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March 26, 2015     The Woodville Republican
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March 26, 2015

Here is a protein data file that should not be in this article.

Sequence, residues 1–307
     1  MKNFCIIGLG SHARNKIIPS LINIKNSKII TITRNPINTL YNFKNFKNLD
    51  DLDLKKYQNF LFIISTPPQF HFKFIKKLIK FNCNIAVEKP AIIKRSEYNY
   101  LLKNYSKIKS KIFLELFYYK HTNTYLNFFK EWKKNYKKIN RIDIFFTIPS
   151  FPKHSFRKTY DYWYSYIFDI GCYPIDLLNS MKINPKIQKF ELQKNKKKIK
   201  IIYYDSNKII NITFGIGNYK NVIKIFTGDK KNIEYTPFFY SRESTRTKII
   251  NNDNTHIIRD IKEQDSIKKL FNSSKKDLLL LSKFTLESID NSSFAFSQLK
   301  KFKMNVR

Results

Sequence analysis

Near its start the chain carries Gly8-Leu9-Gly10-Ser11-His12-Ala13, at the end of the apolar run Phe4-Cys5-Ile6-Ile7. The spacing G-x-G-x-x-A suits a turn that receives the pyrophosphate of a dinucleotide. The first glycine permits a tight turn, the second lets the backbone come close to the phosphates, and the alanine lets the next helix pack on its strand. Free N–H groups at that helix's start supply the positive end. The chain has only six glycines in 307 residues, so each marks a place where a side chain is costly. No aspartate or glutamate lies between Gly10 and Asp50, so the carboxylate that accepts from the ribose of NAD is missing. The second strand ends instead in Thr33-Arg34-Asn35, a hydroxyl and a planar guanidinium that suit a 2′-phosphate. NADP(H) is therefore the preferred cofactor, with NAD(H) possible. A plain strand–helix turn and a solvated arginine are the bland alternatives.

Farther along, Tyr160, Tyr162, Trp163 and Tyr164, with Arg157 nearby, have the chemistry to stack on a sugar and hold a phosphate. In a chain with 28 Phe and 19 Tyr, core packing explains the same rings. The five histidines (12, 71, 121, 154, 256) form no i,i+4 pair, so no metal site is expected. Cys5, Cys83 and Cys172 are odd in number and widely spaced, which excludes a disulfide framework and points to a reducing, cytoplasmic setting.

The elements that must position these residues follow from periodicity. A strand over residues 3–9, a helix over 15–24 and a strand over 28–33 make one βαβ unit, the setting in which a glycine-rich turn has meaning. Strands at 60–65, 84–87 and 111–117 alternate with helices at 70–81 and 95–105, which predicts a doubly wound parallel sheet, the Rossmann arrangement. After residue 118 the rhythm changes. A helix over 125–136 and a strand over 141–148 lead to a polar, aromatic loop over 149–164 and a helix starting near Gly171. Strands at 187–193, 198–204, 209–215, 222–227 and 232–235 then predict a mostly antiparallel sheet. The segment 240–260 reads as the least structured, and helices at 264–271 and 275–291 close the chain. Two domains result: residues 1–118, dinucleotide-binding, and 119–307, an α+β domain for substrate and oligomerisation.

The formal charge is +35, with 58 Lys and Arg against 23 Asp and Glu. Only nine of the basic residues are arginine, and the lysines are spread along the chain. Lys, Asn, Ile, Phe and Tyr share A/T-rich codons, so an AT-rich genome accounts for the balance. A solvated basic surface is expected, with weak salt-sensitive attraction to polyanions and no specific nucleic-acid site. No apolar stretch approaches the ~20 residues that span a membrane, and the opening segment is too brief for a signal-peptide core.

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The Woodville Republican, Thursday, March 26, 2015 Page 3A Natchez Lawyer Leads Prison Book Club Meet The Newest For 14 Years, Great Books Used To Inspire Offenders Docs At Lane TO PERFORM AT WOODVILLE B.C. The Woodville Baptist Church Hosting Free Concert Way, Mike Mike Manuel, Tommy Brandt, The Woodville Bap- Branded, the Fox Brothers, tist Church will be hosting Charlie Daniels and Lone- Christian Country Singer star. Hunter Erwin in a free Additionally, Erwin concert on Sunday, March played for a Duck Dynasty 29, at 6 p.m. The musician event in 2013 and received is a southern country boy the 2014 CCHA Award for born September 29, 1978, Male Vocalistlof the Year. and raised in the small town The Woodville Baptist of Tickfaw, Louisiana. He Church would like to invite has been a singer/songwriter everyone from Woodville of Christian country music and the surrounding corn- since 1998. With his rich, munities to: come enjoy a baritone voice, he dedicates great night of some good ol' his talents to serving God country singin'! A love offer- and has had his share of ing will be taken up follow- success in the radio industry ing the performance to help with two radio releases, both cover Erwin's travel expens- hitting the Christian coun- es. Please contact Haleigh try charts, as well as award Beisel (985) 687-2344 if you winning music videos, have any question! Minor Earns Top Spot in Poetry Competition Nine of Baton. Rouge's at that time to do so. It's the most talented spoken word same with poetry." poets performed for a stand,. According to the article ing room only crowd recent- almost every spoken word ly with four emerging after poem is rooted in a grain of a series of judged rounds to truth whether in the form proudly represent the city of an actual event, a feel- at the National Poetry Slam ing or an important issue. set in Oakland, California, Minor manages to seam- this summer, a Baton Rouge lessly weave all three into publication stated, his work. Included in the top win- Minor is a versatile voice, ners was Rodrick Minor, who also draws from the son of Lela and Bennie Mi- people he has spent the ma- nor of Woodville. The poet jority of his life around -- is a graduate of Wilkin- his family. son County High School in But, not all of Minor's Woodville and of Southern pod, try is meant to shake University in Baton Rouge, audiences into conscious- La. ness. Sometimes he wants Traditionally, the points to exchange finger snaps for are not the point, the po- a little laughter as seen in etry is the point. However, his final poem for the eve- Rodrick Minor effortlessly ning which centered on an delivered both. After earn- encounter with a Florida ing the top spot among his Hampton Inn that left grits peers, he generously spoke out of their continental about his process and where breakfast spread. he draws his inspiration. Minor said about his per- "A lot of time you pull formances, "The most chal- from your personal narra- lenging thing is trying to tive, your own experiehce," make sure you can connect said Minor. "It's like deal- with people because it's ing with visual art, there more than just memorizing are certain messages that the words, You can't really you would like to convey look at a hand manual for to the world. And, you use that. You just have to say, that canvas and whatever I'm going to give all of my- type of media you're using self to these people tonight." BEYOND THE BARS Jill IIIIIIlgLm~Y IlF PO~RY mm HOSE ~ ~1 BISIt~t~l PllllteN OFFENDERS PUBLISH BOOK-- In 2004, members of the Higher Learning Book Club at Wilkinson County Correctional Facility, Woodville, saw their woik pub- lished. Volunteer book club lead- er Thomas McNeely, Jr., joined Red Dawn Press of Natchez to publish a book containing a col- lection of writings by the offend- ers, Beyond the Bars: An Anthol- ogy of Poetry and Prose from a Mississippi Prison. Thomas McNeely Jr., a I~rat- Erwin has been blessed chez attorney,has been goingto to have shared the stage prison for 14 years, but notas 'heir efforts are matdng a in Nashville with a num- a visitor or a lawyer helping a difference in the lives of the of- ber of artists including Del client. WCCF RECENTLY RECOGNIZED BOOK CLUB VOLUNTEERS FOR 14 YEARS OF SERVICE -- Seated from left are Higher Learning Book Club leaders Nell Stuard and Thomas McNeely, Jr. Stand- ing from left are some of the book club participants: Ricky Scales, Antonio Phares Pickens, Steven Far- ris and Damon Hipps. -- Submitted Photo fenders. As volunteers, they are Instead, he's been going m a opening minds, giving insight, volunteer leader of a book chb presenting challenges, and for W'flldnson County Corre- introducing the offenders to tional Facility in Woodville. many of the important names Known as the Higher Lea~# in history.." ing Book Club, the readL~g The book club started in program is associated with the September 1999 with only four Great Books Foundation outff members. It's now in its 15th Chicago, nl., which provides the year and has membership that books and other support for the ranges from 10 to 20 offenders dub. The dub reads and dis. who meet on the first and third cusses literature that has stood Wednesday of the month. the test of time, from ancient '~he more the offenders Greece to the present time, put into this, the more they from all countries. Current cur- get out of this," said McNeely. riculum includes fiction, nonfic- "In other words, the more tion, plays and poetry., they share, the more they l'hepurpeseofthisdubisto gain from each meeting. It achieve 'shared inquiry' at each is about sharing ideas based meeting," explained McNeely. upon the text." "To do this members/offenders McNelley said that each are obligated to read each short meeting % an experience of selection, ideally twice, before ioining with other club mem- coming to a meeting so that ers in opening our minds to they will be able to discuss the selection with others." McNeely is joined by Nell Stuard, a retired English teach- er of Baker, La. She joined the book club in 2014. "As a middle school English teacher, the thinking of my students was best stimulated through books and literature" she said. "This book club of- fers the same opportunity to our members, who ably share their insights about the selec- tions. I have enjoyed being a part of these 90 minute ses- sions and look forward to con- tinuing." WCCF recently honored the volunteers for their many years of service. Tira Jackson, deputy warden of programs, presented them with a spedal recognition plaque and certificates of ap- preciation on behalf of Warden Frank Shaw and WCCF. '2Vlr. McNeely and Ms. Stu- ard are dedicated to this pro- gram, as can' be seen by their years of service," said Jackson. Wilkinson County Calendar Of Events To add events please call 601-888-4293 6r email wrepublic nL bellsouth.net by r, oon Friday PLEASE DON'T LITTER... Keep Wilkinson County clean! Premier Physical TheraW 558 First South Street Woodville 601-888-7944 he wide variety within man, mture, society and spirit shown in literature." In 2004, McNeely joined fled Dawn Press of Natchez to l:ublish a collection of writings b? the offenders in the book, Regional Hospital Beyond the Bars: An Anthology of Poetry and Prose from a Mis- sissippi Prison. Join the staff and phy- sicians of Lane Regional Medical Center for an old- fashioned Meet n' Greet on Thursday, March 26, from 3 p.m. to 4 p,m., in the Lane Cafeteria to wel- come our newest special- ists: Dr. Thomas Trahan, Lane Wound Care and Hyperbarics Center Dr. Amanda Lee, Zach- ary Family Practice Dr. Jason Beeharilal, Premier Wellness Associ- ates Dr. Allison Parkman, FASTLane After Hours Walk-in Ciinic Dr. Kirk Mullins, Gas- troenterology Associates Dr. Cynthia Boyer, Ra- diation Oncology Center Dr. David Longmire, Hospital Medicine Dr. Samer Bakhos, Hos- pital Medicine Dr. Heather Hill, Hospi- tal Medicine Dr. Michael Oswald, Williamson Allemond Re- gional Eye Center Aerin Couvillion, Fleur de Lis Acupuncture For more information or a physician referral, please call 225-658-4585.